Creditors may sell unpaid balances to New York debt collection firms in an effort to get at least a portion of what they are owed. If one of your unpaid debt balances was sold to a collection firm, you may receive letters or phone calls seeking payment. Although there are many strategies that you might be able to use against these companies, a no contract dispute may not be one of them.
What’s a no contract dispute?
A no contract dispute means that you’re claiming that the debt is no longer valid because you don’t have an agreement with the firm that currently owns it. However, the truth is that a debt collection firm has purchased whatever agreement you had with the original creditor. Therefore, unless you never owed the debt to begin with, the terms of the deal are likely still valid.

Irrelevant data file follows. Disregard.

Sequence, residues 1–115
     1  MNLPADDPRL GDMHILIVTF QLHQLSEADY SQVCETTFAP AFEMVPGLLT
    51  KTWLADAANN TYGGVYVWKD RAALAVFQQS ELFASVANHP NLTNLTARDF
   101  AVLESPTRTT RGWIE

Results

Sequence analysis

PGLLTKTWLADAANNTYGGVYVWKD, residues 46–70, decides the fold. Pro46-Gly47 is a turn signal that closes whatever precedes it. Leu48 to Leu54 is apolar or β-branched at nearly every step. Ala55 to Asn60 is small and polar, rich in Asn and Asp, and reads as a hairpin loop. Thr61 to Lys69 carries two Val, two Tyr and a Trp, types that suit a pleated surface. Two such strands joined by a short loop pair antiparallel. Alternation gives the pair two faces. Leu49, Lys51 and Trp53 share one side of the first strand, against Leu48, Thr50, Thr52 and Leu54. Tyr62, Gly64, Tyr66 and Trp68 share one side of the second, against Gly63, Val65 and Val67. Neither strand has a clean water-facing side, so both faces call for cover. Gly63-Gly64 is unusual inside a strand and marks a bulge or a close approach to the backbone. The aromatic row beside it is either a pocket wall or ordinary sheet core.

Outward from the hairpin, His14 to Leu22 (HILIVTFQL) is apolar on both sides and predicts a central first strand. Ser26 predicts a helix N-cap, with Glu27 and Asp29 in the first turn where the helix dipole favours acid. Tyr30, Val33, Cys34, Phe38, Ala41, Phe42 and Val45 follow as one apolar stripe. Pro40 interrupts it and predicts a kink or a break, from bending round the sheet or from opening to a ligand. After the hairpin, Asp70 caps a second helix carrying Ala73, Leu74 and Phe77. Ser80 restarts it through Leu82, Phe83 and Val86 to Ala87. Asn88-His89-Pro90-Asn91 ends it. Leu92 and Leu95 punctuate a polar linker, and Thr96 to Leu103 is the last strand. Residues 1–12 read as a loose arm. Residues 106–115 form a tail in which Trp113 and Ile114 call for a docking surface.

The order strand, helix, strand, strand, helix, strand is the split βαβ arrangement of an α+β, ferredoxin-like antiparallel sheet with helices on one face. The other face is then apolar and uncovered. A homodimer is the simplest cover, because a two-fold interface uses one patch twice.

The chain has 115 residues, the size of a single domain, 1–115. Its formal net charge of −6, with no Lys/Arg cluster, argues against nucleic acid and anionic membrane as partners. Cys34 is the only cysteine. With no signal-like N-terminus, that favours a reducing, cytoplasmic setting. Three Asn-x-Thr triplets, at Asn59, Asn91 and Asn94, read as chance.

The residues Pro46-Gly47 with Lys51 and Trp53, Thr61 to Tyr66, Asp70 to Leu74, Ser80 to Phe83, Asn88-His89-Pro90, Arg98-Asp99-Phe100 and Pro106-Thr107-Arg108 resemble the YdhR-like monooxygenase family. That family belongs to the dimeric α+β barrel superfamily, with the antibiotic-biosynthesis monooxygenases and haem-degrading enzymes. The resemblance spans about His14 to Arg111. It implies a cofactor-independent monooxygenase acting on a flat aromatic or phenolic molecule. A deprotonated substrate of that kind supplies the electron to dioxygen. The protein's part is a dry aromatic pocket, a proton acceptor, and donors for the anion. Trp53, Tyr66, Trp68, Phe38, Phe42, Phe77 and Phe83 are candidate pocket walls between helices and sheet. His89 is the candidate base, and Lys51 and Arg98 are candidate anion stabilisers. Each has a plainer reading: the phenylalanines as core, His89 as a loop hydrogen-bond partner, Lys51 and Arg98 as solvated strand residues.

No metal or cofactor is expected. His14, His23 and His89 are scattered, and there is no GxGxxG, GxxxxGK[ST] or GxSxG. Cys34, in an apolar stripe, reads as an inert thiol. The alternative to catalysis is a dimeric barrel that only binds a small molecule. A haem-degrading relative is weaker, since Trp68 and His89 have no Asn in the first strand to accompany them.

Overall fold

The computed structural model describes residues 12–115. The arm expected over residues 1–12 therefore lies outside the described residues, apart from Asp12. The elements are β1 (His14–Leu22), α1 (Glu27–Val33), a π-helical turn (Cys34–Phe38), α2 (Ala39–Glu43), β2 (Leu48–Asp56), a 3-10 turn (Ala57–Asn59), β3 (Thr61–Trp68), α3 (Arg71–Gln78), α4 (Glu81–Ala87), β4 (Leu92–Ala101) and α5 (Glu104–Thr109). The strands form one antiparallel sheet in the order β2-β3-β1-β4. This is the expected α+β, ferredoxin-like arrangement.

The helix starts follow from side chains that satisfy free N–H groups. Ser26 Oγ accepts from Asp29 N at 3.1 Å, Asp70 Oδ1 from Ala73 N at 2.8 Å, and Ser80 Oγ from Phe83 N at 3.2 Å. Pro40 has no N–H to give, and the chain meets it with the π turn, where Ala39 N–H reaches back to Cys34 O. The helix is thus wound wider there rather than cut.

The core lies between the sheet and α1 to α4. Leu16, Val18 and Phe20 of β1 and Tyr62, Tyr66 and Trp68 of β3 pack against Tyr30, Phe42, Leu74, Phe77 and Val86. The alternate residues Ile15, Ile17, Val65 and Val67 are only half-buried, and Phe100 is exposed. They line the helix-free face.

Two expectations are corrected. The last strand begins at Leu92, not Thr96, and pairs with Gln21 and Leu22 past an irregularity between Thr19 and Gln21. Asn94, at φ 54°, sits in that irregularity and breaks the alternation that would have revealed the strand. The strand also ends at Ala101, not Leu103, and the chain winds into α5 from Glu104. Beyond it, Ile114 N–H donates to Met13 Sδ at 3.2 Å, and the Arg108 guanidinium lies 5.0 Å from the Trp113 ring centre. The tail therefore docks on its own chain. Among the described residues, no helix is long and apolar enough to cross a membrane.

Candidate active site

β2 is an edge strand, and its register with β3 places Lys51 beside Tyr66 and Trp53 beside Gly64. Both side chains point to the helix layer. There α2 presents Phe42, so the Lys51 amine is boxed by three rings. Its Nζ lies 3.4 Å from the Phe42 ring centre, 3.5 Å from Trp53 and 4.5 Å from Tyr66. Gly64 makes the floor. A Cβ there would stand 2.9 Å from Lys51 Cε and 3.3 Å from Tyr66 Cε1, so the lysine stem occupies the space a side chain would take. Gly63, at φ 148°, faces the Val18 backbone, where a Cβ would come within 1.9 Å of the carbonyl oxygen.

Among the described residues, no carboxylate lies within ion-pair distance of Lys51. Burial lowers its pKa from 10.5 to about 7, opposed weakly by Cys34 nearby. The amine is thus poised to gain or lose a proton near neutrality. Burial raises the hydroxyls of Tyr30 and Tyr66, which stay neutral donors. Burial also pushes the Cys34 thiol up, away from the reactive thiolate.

Should you say anything?
Just because a collection firm owns your debt doesn’t mean that it’s planning on taking action against you. Without a court order, a creditor can’t garnish your wages or seize funds from your bank account. However, disputing a debt may cause a collection agency to file a lawsuit or take other aggressive steps to compel payment. Therefore, it may be best to remain quiet until there is a legitimate need to defend yourself.
If you owe money to a creditor or collection firm, that entity may have several years to obtain what it is owed. However, if it cannot verify that the debt is valid or that you are the one named on the account, it may be limited as to what action it can take. Furthermore, if you have filed for bankruptcy, an automatic stay may postpone any planned collection activities until your case is over.